From a Roman prison, the Apostle Paul wrote the epistles of Ephesians, Philippians, Colossians and Philemon.
These letters would likely not exist had Paul not been incarcerated. He would have visited the churches and people rather than pen the passages and verses that would become part of the Word of God. Thus, missing from the Bible would be some of its brightest illumination regarding the person and work of the Lord Jesus Christ, along with the promises, commands, encouragements and challenges that lead born again believers into vibrant relationship with God.
Indeed, can you imagine a Bible without the following?
“Let this mind be in you, which was also in Christ Jesus: who, being in the form of God, thought it not robbery to be equal with God: but made Himself of no reputation, and took upon Him the form of a servant, and was made in the likeness of men: and being found in fashion as a man, He humbled Himself, and became obedient unto death, even the death of the cross. Wherefore God also hath highly exalted Him, and given Him a name which is above every name: that at the name of Jesus every knee should bow, of things in heaven, and things in earth, and things under the earth, and that every tongue should confess that Jesus Christ is Lord, to the glory of God the Father” (Philippians 2:5-11).
What prison are you in, and what epistle will you write by trusting and submitting unto God in binding circumstances and conditions that no prayer or effort changes? Our “incarcerations” come in myriads of ways unique to ourselves, and to God’s purposes in our lives. We are not apostles, of course, but neither is our Lord a “respecter of persons” (Ephesians 6:9). We can therefore be sure that our personal and particular hour of difficult circumstance that keeps us from living life as we would choose provides opportunity to reveal the crucified and risen Lord Jesus to our world.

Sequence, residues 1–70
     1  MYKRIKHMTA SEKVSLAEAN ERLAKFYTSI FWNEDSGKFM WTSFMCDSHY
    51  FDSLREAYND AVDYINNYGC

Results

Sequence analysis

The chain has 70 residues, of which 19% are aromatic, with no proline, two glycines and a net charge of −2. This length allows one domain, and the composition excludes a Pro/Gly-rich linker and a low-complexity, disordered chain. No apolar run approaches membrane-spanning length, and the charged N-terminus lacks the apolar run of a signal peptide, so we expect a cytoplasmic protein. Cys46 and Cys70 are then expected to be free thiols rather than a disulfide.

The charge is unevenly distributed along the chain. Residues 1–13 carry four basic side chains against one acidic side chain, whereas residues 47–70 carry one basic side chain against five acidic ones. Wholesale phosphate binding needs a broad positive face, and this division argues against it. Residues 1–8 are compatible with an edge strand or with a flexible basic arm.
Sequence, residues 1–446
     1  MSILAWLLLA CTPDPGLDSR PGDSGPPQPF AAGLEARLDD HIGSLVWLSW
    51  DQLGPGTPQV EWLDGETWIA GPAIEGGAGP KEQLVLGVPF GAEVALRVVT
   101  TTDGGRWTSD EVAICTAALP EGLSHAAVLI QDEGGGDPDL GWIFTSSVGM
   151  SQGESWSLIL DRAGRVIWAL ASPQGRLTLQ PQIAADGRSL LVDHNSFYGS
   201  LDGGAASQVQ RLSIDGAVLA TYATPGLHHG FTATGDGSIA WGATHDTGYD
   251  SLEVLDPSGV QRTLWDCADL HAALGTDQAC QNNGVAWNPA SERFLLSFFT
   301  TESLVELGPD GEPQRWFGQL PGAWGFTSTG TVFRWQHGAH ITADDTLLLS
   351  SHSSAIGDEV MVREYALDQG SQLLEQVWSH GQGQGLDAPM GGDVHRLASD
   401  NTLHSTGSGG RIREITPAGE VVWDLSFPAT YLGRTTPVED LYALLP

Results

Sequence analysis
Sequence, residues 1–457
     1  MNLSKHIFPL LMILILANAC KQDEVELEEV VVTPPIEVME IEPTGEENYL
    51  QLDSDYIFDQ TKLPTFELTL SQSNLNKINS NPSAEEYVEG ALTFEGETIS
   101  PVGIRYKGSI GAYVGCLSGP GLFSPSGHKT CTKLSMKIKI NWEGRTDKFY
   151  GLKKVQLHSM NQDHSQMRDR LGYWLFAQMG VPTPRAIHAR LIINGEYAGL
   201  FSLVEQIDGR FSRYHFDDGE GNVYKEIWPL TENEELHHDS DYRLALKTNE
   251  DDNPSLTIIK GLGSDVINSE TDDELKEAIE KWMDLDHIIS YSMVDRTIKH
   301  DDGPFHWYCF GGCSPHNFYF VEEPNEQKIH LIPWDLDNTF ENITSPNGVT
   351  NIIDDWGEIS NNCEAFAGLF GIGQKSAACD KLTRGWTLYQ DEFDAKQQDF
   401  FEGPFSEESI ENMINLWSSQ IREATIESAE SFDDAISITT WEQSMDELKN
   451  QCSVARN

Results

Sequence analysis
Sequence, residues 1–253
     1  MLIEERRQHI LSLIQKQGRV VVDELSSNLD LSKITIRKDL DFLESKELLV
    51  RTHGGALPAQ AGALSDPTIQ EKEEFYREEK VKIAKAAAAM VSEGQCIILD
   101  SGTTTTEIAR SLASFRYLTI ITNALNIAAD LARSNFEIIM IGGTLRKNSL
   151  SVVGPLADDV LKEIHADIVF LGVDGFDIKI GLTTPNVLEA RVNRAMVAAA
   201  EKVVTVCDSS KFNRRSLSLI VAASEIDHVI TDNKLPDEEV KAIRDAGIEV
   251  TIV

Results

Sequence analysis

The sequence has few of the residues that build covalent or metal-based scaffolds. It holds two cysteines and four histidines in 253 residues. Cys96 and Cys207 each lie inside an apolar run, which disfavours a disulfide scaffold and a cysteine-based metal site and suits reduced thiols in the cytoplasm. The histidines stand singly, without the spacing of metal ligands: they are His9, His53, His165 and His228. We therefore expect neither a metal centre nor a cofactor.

As with Paul, we may not in this lifetime discover the far-reaching impact of the Light that shines in and from our prison. We can only have confidence that it will. Our Lord wastes nothing in the lives of His trusting children, no, not a moment, not a joy, not a pain, not a smile, not a tear. He wastes nothing. Let us therefore lift our heads in the darkness of our cell, as it were, to see the Light that glimmers most beautifully and brightly against the backdrop of darkness. The “prison” that binds us is actually a candle upon which a singular flame of glory shines forth unto us as we open our eyes. But even more, the flame will somehow warm and illuminate others through the years and ages in ways that could never exist had we not penned our epistle in our prison.
“Unto the upright, there ariseth light in the darkness.